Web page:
NO HOPE, NO ESCAPE VOL. 1: WELCOME TO MY WAR
Being from the Cleveland area, I've seen a lot of bands get ignored for whatever reason. On the national side of things, most people look at bands north of Columbus as being from "Cleveland". Unfortunately though, that's not how it works. For as long as I've been in this scene, there were Akron bands and there were Cleveland bands. Even though it's only about a 30 mile drive, they have long been separated. That may not seem like a big deal, but when you factor in the difficulty to get the more quality gigs and exposure from Cleveland vs. Akron, you ended up seeing a lot of bands from Akron that just didn't get the appropriate amount of love on the national level. Looking back a decade or so when both scenes were both thriving, bands like Spawn, Funny, Funnel and NDE all failed to find record deals when they were superior to a good amount of those that did find success at that level. Hatecore Inc. is another that falls into that category.
To be honest about Hatecore Inc, this wasn't their only problem. This local band had more members come through their doors than Whitesnake or Megadeth, which never helps a local band that's trying to build a fanbase that starts with friends who take sides when a member leaves the fold. Still, under the neverending passion of guitarist Kris Dann, Hatecore Inc. has soldiered on. With a new lineup in tow (big surprise there!), they have returned with NO HOPE, NO ESCAPE VOL. 1: WELCOME TO MY WAR. In what is always their way, NO HOPE is an intense listen as you would expect. From start to finish, it's a riff driven, punishing extreme metal hammer to the skull that avoids any and all trappings of metalcore and the more recent emocore nonsense that has severely diluted this genre for the 20-something Hot Topic pussies calling themselves "metal" today. While I think the band does a horrible job classifying what it is they do (they reference bands like Pantera and Megadeth as influences, which I'm simply not hearing at all here), there's a level of viciousness here that needs to be heard to be appreciated. If you are looking for a better comparison, think more of a Napalm Death if they somehow found some melody to go with their brutal assault.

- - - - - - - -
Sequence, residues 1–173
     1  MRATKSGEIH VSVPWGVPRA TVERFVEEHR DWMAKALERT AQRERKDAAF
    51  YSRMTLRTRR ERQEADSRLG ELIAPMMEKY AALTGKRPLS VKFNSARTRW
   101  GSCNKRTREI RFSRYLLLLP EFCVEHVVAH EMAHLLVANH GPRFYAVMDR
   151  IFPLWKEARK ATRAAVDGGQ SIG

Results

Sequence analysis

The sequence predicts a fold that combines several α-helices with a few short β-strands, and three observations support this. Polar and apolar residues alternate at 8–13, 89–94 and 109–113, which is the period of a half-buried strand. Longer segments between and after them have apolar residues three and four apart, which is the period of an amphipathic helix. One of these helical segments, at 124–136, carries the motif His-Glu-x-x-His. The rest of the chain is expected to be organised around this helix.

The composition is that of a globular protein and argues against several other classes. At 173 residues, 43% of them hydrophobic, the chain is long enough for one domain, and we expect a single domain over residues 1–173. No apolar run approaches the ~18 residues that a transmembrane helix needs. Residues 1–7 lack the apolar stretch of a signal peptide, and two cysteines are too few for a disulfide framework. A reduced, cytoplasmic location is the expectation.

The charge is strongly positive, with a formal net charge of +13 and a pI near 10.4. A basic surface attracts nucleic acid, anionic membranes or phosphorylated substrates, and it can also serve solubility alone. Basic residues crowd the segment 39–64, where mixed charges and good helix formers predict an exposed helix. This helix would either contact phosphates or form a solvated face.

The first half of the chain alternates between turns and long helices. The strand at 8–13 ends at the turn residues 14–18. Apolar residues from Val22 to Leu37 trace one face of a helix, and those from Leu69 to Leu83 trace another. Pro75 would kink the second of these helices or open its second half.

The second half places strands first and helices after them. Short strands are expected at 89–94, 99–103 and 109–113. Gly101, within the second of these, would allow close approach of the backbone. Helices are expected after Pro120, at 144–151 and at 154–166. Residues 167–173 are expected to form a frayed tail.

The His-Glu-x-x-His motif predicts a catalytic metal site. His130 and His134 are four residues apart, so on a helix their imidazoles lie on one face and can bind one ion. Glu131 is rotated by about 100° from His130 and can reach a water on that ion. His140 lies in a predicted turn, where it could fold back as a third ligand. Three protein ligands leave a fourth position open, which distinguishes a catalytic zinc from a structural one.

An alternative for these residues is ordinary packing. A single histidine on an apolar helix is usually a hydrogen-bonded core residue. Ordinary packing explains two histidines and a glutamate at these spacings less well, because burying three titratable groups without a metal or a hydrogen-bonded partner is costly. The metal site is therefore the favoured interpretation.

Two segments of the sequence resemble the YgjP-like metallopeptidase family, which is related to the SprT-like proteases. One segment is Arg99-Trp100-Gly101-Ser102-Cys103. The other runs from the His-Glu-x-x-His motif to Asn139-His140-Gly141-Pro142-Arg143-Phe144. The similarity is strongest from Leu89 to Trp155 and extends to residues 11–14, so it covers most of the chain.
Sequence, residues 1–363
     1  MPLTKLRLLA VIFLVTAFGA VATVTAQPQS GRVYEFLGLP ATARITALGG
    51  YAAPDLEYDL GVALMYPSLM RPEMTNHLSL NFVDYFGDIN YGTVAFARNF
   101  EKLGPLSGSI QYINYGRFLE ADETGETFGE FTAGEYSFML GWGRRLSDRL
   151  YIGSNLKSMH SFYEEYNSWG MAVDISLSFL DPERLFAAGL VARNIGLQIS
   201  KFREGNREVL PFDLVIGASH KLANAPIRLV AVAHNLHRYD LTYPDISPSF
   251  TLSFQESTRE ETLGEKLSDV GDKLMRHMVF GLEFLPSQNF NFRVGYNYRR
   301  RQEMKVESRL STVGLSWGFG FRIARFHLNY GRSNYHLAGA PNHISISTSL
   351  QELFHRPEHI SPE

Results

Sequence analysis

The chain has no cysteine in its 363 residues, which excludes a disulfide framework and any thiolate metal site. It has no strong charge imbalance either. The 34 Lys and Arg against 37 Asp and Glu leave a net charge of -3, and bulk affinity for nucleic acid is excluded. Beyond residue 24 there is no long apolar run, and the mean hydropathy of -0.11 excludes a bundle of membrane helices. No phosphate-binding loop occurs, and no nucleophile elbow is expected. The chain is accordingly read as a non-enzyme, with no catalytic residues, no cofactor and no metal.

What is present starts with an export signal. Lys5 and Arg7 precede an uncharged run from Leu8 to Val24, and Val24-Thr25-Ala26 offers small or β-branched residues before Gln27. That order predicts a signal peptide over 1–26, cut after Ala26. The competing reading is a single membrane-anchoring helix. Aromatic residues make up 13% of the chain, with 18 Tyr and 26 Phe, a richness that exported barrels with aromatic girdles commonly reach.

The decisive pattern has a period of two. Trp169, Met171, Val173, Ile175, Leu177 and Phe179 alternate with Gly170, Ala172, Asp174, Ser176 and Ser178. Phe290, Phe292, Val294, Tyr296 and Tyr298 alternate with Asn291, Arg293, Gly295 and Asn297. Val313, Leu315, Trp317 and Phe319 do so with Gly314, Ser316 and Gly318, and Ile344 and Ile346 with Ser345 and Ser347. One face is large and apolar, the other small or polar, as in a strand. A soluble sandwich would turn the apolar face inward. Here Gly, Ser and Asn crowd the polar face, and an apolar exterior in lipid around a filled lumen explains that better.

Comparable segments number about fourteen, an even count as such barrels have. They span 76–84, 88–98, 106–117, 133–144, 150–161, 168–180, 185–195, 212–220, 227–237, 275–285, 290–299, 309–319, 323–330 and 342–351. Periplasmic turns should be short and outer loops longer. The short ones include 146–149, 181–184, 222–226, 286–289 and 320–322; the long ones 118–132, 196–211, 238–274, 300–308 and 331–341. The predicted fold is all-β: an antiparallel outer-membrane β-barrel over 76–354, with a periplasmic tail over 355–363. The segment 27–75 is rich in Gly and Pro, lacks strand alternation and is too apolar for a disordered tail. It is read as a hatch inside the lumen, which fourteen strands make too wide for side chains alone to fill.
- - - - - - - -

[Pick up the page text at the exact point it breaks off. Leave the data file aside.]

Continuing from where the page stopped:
Having heard Hatecore Inc. and it's earlier predecessor N-Factor, it's interesting to see how much the band has grown musically. Guitarist Kris Dann is a fiery guitarist who provides some stark, yet crushing riffs that don't rely on speed as much as tone and tempo. Listening to a song like "Seven", your head gets bobbing as you follow along with the nasty riffs that drive the song. He's countered well by Chef on bass and Troy Hays on drums to create a nasty bottom end for the band. "Isolation" returns reworked a bit from their last release, but is greatly enhanced by better production and somewhat cooler fills provided by Hays. This song could very well be ripped from an early Chimaira recording session, as it has that same feel as some of the more raw stuff they did early on in their career.
Vocally, Daniel Allen steps in and adds his own flavor to the material. He really gives a new vibe to a lot of this music. He's got more range than anyone in Hatecore Inc. has shown in the past, and mixes in the occasional singing part here and there to add diversity to the sound. He works well with a female lead on "My Slave"; an interesting track that definitely features a good amount of Cleveland flavored vibe to it, as well as sowing the most growth this band has shown since their inception.
PITRIFF RATING - 88/100 - Solid effort. They lose some points because a couple of the songs fade a bit hard and almost feel like they were incomplete, but other than that, you've got a seriously enjoyable EP here on your hands to carry you through a half hour of metallic aggression. Definitely worth checking out.